To calculate the shopping cart abandonment rate, divide the number of completed purchases by the number of shopping carts created and multiply by 100 to get the cart conversion rate. Then subtract the cart conversion rate from 1 to get the shopping cart abandonment rate.
Shopping cart abandonment rate = 1 - (# of completed purchases/# of shopping carts created X 100)
A higher-than-average shopping abandonment rate could indicate several problems, including a poor checkout experience or low customer engagement. Fixes include optimizing your checkout process and improving engagement with enhanced customer support at the checkout. Also, consider re-engagement strategies like emailing or notifying users who abandoned their cart to remind them they didn’t complete their purchase and asking if there’s anything you can do to help them.
9. Checkout abandonment rate
The checkout abandonment rate is similar to the shopping cart abandonment rate, except it measures customers who enter the checkout process and enter their payment information but leave before finishing their purchase. The average checkout abandonment rate is similar % to the shopping cart abandonment rate of 70%.
You can calculate the checkout abandonment rate by dividing the number of completed purchases by the number of checkout processes and multiplying by 100 to get the checkout conversion rate. Then subtract the checkout conversion rate from 1 to get the abandonment rate.
Checkout abandonment rate = 1 - (# of completed processes/# of checkout processes started x 100)
A high checkout abandonment rate is usually caused by something that causes customers to change their minds about the purchase. Almost half of all checkout abandonments are caused by high extra costs (shipping, tax, extra fees), so make your checkout process as transparent as possible to avoid nasty surprises. It also helps to invest in digital customer support solutions to increase engagement during checkout.
10. Average order value (AOV)
The average order value is the total of every order placed in your store over a set period. It provides insight into how much you can expect the average user to spend on your site in a single transaction.
You can calculate the AOV by dividing the total sales value by the number of completed purchases.
Average order value (AOV) = Value of all purchases / # of completed purchases
If you know (or can estimate) your average costs for each purchase, you can use the AOV to estimate the average profitability of your online store. You can increase the AOV (and profit margin) by upselling accessory items or services or recommending associated products while the user is shopping. If you can track purchases by category, you can also calculate the average order value by category to provide a more granular view of your store’s profitability.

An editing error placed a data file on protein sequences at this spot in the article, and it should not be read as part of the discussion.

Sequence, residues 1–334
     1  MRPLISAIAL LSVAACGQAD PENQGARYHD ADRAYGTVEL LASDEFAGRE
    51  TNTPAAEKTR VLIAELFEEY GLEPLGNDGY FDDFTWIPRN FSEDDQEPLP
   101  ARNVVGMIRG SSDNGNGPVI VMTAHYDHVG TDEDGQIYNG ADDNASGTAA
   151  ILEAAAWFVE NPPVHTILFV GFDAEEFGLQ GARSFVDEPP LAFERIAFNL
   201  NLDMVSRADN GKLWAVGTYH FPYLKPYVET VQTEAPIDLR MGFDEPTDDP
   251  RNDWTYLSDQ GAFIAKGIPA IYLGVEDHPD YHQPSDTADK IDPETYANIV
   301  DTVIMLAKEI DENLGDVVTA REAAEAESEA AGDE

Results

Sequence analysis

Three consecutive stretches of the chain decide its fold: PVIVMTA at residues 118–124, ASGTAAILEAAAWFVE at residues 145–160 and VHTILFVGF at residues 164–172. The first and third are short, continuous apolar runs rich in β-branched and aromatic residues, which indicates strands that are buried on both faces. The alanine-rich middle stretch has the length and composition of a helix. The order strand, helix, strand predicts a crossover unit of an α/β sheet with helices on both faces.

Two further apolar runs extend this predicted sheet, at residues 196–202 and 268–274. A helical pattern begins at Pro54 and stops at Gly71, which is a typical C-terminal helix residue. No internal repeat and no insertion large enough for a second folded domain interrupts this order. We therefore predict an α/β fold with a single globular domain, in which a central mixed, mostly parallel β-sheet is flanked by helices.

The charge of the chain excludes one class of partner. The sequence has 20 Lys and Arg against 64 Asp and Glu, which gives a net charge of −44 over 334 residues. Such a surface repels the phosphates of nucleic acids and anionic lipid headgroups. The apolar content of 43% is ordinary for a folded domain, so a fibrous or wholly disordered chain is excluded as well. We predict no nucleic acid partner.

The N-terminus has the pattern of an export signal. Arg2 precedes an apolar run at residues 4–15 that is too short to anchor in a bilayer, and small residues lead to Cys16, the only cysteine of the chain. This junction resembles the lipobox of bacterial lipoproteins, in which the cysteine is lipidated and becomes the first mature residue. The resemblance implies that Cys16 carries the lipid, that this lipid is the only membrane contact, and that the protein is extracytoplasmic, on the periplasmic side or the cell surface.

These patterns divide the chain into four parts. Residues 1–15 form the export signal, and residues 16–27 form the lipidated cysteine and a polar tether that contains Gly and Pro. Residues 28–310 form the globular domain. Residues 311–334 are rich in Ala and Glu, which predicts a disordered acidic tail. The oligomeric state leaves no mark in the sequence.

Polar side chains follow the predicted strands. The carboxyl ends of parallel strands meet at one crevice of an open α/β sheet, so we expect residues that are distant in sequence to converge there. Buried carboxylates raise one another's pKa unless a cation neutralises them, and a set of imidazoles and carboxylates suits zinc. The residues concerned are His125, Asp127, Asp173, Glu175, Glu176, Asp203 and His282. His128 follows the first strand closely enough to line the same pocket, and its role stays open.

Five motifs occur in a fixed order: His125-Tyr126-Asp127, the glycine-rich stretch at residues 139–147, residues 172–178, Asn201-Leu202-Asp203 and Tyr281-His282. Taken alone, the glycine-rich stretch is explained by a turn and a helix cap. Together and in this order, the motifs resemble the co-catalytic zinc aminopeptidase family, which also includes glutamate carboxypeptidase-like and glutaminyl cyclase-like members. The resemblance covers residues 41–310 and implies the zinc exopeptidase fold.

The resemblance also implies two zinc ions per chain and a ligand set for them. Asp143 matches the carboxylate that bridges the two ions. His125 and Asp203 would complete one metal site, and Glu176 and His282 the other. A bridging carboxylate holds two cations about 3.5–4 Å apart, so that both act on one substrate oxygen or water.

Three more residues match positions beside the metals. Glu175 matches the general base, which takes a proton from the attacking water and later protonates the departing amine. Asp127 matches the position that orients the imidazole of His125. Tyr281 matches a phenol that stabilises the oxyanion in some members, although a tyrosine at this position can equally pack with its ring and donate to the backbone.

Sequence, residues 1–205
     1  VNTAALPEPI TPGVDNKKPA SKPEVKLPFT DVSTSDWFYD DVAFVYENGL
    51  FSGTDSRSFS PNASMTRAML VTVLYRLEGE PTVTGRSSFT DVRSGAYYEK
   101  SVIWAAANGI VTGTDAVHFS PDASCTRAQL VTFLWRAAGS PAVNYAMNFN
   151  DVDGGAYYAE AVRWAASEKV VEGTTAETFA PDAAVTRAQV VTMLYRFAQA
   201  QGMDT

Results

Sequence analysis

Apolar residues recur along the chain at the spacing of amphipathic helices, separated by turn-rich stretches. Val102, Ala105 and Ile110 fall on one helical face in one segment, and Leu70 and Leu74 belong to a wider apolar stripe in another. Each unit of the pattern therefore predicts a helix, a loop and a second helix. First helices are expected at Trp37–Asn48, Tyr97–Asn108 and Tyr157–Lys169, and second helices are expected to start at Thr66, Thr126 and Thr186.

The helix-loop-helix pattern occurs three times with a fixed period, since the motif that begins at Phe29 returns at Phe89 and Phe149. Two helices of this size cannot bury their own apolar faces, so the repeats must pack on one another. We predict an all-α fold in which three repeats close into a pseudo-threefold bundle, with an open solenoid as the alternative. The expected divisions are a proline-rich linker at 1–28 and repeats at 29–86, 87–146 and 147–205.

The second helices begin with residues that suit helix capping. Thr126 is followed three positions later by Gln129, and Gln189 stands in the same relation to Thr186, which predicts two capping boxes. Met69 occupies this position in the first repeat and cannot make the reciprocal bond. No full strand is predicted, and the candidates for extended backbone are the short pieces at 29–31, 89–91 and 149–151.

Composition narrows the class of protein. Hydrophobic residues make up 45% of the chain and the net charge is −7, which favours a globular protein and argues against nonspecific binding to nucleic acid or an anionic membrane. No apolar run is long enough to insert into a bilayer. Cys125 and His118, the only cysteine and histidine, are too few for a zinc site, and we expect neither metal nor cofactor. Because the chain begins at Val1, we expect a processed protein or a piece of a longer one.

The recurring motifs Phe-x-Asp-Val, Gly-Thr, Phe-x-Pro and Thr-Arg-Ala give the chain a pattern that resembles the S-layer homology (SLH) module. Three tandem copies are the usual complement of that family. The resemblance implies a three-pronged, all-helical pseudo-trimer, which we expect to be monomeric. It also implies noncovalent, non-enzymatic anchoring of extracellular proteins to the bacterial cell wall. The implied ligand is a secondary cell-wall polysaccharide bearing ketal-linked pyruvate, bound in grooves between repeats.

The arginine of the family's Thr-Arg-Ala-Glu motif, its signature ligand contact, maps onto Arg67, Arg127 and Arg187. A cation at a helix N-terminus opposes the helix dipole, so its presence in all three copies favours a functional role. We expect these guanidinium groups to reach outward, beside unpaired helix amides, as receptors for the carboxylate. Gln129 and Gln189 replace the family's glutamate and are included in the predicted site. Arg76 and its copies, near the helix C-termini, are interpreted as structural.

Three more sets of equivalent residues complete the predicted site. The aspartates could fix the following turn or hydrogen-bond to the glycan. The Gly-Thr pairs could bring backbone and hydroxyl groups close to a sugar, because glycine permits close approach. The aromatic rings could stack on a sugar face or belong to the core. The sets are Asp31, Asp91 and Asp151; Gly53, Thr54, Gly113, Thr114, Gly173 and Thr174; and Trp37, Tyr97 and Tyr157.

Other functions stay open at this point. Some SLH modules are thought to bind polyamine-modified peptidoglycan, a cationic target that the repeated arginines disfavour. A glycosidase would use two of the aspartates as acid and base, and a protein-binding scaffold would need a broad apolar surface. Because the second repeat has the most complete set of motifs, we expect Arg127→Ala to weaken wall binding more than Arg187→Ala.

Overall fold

Retention metrics measure how well your e-commerce website retains long-term and short-term users. They help forecast long-term revenue and provide valuable insights to guide your business growth strategy and loyalty programs.
11. Customer retention rate (CRR)
The customer retention rate measures how well your online store maintains its customer base over some time. CRR varies by industry, so it’s best to research the average rate for your industry.
To calculate the customer retention rate for a specific period, subtract the number of customers acquired from the number of customers at the end of the period and divide by the number of customers at the start, then multiply by 100.
Customer retention rate = ([# customers at end of period - # of customers acquired during period]/# customers at start of period) x 100
Factors like trust, customer service, community, and values affect the CRR. One effective tactic to improve the CRR is to improve engagement via customer conversations.
12. Customer lifetime value (CLV)
CLV measures the total revenue your store will earn from an average customer when they remain a customer. It’s a great way to forecast future revenues and guide your customer acquisition and retention strategy.
Calculate CLV by multiplying the average order value (AOV) by the average customer purchase frequency for a set period (for example, a single quarter). Then multiply by the number of periods your store retains an average customer.